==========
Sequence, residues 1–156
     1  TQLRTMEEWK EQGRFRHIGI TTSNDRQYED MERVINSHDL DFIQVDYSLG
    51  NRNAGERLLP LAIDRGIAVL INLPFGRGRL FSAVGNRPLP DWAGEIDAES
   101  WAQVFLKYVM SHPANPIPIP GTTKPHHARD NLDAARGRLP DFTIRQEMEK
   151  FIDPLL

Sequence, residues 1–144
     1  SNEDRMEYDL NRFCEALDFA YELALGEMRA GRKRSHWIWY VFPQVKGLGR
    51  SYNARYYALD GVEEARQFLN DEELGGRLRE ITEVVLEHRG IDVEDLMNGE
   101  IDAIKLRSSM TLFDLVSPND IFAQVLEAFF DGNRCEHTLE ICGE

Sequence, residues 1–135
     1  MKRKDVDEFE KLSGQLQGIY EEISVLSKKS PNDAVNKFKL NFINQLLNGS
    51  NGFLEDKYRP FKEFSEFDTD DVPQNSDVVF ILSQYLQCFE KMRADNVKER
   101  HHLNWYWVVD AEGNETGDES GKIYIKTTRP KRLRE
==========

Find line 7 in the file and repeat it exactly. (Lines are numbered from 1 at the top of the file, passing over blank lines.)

     1  SNEDRMEYDL NRFCEALDFA YELALGEMRA GRKRSHWIWY VFPQVKGLGR